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Garvin takes a seat in classroom

  Campus Digest  


Geology professor emeritus Paul Garvin ended a 36-year career at Cornell.

Geology professor emeritus Paul Garvin’s students could become his classmates in the fall, when Garvin intends to enroll in a French course, and then maybe a German course in the winter.

Garvin ended a 36-year career at Cornell, during which he was given the Distinguished Science Teaching Award by the Iowa Academy of Science (2001), wrote a book on his life’s work, Iowa’s Minerals: Their Occurrence, Origins, Industries, and Lore (1998), and taught hundreds of students who have built successful careers.

“It’s been a great experience. I’ve thoroughly enjoyed what I do, and what I’ve enjoyed most are the associations with students, the mentoring,” he said.

Garvin intends a busy retirement schedule, teaching a Cornell Chautauqua course, continuing his research at Iowa’s Linwood Mine, working with the Office of the State Archaeologist, and even maintaining his position at the bongos with Cornell’s steel drum band, Pandemonium. After his wife, Ellen, retires in June from Cornell’s alumni and college advancement office, they plan to take a mission trip for the Mormon church, hopefully to Latin America.

In his honor, the geology department has established an endowed fund, the Garvin Fund, to support student research in mineralogy and economic geology. To contribute, go to https://secure.cornellcollege.edu/giving/, or mail a donation to Alumni & College Advancement Office, 600 First St. West, Mount Vernon, IA 52314.

 

 

 


Cornell senior Ryan Taugher lived with nomadic Bedouins in the southern Jordan desert during part of his study-abroad experience. He helped care for his host family's camels.

 

Man of the world

Ryan Taugher’s study-abroad semester in Jordan through the School for International Training included serious learning: Arabic, Islam, gender studies, Arab culture and society, the impact of modernization and development, and the history of the region.

But he also had fun.

“I learned why you shouldn’t get water from the Dead Sea in your mouth, how to pick olives, what an Arab bachelor party is like, and how to ride and steer a camel like a pro,” said Taugher, a senior international relations major from Madison, Wis.

“I also learned about myself, and the role which I—and the United States—play in the world.”

At Cornell’s ninth annual Student Symposium in April, Taugher was one of a record 95 students giving 75 presentations on research findings. His independent study project examined the Jordan program that trains Iraqi police officers, managed by the United States and its partner nations. In interviews with U.S. and Iraqi officials, trainers, and Iraqi citizens, he learned the officers leave understanding tactical skills but lacking much knowledge of Iraqi law or human rights.

 

 

Relay for Life raises $32,000

About 350 people from the campus and Mount Vernon communities circled Cornell’s indoor track for 12 hours en route to raising $32,000 for the American Cancer Society. The Relay for Life tally was $10,000 over the goal and $15,000 over the 2004 take.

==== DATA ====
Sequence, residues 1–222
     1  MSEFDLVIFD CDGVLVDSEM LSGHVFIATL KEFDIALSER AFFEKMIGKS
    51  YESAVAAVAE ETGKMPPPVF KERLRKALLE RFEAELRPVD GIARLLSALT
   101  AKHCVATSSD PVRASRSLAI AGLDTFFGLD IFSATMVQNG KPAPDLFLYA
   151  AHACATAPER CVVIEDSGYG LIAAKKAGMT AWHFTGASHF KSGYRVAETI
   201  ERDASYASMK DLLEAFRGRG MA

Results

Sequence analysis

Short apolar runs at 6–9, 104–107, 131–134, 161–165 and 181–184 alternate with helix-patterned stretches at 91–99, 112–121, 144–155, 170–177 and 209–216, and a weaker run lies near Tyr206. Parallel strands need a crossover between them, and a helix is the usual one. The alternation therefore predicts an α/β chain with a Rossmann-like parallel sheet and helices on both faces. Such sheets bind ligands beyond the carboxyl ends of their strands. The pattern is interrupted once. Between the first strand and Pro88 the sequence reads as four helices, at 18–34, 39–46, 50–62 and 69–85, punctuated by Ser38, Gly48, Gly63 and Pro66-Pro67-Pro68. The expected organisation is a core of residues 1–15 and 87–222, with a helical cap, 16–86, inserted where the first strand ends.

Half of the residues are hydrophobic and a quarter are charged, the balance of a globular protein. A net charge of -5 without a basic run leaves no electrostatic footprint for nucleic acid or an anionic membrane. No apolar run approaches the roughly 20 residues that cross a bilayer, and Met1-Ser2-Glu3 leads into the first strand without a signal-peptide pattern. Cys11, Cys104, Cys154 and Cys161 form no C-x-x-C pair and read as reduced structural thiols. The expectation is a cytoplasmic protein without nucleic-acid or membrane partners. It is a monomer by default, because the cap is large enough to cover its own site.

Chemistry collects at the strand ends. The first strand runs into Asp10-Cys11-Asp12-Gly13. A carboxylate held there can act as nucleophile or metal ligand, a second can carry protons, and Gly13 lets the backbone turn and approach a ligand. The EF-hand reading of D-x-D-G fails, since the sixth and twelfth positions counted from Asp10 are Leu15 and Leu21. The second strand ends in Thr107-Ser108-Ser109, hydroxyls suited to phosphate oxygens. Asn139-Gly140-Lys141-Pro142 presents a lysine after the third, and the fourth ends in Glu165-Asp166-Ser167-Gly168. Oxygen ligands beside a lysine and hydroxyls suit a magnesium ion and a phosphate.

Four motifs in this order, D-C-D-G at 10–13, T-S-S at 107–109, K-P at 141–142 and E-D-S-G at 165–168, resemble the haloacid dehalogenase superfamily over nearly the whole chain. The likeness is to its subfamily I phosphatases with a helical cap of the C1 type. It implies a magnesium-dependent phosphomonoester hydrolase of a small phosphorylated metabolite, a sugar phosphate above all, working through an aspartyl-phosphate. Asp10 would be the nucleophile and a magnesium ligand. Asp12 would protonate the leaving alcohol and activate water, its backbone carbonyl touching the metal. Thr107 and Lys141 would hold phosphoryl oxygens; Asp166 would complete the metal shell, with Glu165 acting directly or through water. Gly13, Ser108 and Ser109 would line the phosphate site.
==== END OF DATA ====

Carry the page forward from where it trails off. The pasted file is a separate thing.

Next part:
Leading Cornell’s efforts were co-coordinator Emily Bretl, a student from Orland Park, Ill., whose sister survived breast cancer, and chemistry professor emeritus Truman Jordan, who survived malignant melanoma but saw his longtime colleague, former Cornell religion professor David Weddle, lose a son to leukemia.

“We don’t do Relay for Life because I survived or because Dan Weddle died, but because both of us had this experience. All of those alive should work to try to make it possible for more to survive,” Jordan said. Money raised helps aid in research, education, advocacy, and patient services.

 

 

 


President Les Garner (left), Gilda Vinzulis Boyer ’84, and Barry Boyer ’84 contributed matching pledges that helped the Class of 2005 raise more than $25,000 in the Senior Challenge.


Senior challenge success

With a little help from their friends, the Class of 2005 raised over $25,000 from the Senior Challenge. The contributions, pledged over a five-year period, will support Cornell’s Annual Fund.

Seniors pledged $13,631 over five years. Gilda Vinzulis Boyer ’84 and Barry Boyer ’84 offered a dollar-for-dollar matching challenge grant, up to $10,000. Another incentive was President Les Garner’s pledge of $20.05 for each senior who contributed; his gift was $1,904 for the 95 seniors who pledged, a 41 percent giving rate. The total amount pledged, including the matching gifts, is $25,535.

“The Class of 2005 responded to the challenge and definitely set the bar high for future graduating classes,” said Kristi Webster Columbus ’96, Annual Fund director.

 

 

Name that grad

Seniors known as “Spacedog,” “Ducky,” and “That Girl” have crossed Cornell’s commencement stage in recent years, obligingly announced to the audience by Dennis Damon Moore, dean of the college for the past 18 commencement ceremonies. There’s usually a good story behind each nickname, as we learned from Michael “P-Money” Helgens ’05.

One of four Mikes in the student organization Chess & Games, he was assigned the nickname “Money” because he was the group’s treasurer. The “P” came later.

“Over my four years here the name became part of who I am,” he says, noting it was even a little prophetic. “I have also served as the Student Senate chair of the Appropriations Committee and was the student representative on the college’s budget committee.”

Reading graduates’ nicknames, if they request, is part of Cornell’s effort to make commencement all about the students, who can sit with friends rather than in alphabetical order. Even with Moore’s retirement, the nickname tradition will continue, says Brenda Tooley, Cornell’s new dean.

 

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